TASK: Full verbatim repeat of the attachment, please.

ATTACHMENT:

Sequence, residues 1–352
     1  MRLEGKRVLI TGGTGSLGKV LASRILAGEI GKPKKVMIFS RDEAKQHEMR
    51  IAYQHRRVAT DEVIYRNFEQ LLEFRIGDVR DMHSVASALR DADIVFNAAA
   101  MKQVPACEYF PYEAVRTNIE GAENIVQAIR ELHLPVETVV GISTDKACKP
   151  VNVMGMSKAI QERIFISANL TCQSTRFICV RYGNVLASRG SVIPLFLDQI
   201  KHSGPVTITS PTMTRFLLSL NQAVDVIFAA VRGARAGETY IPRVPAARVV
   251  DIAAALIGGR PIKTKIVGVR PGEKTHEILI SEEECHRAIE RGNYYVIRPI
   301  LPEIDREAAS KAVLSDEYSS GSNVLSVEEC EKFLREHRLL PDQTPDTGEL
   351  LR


Sequence, residues 1–352
     1  MRLEGKRVLI TGGTGSLGKV LASRILAGEI GKPKKVMIFS RDEAKQHEMR
    51  IAYQHRRVAT DEVIYRNFEQ LLEFRIGDVR DMHSVASALR DADIVFNAAA
   101  MKQVPACEYF PYEAVRTNIE GAENIVQAIR ELHLPVETVV GISTDKACKP
   151  VNVMGMSKAI QERIFISANL TCQSTRFICV RYGNVLASRG SVIPLFLDQI
   201  KHSGPVTITS PTMTRFLLSL NQAVDVIFAA VRGARAGETY IPRVPAARVV
   251  DIAAALIGGR PIKTKIVGVR PGEKTHEILI SEEECHRAIE RGNYYVIRPI
   301  LPEIDREAAS KAVLSDEYSS GSNVLSVEEC EKFLREHRLL PDQTPDTGEL
   351  LR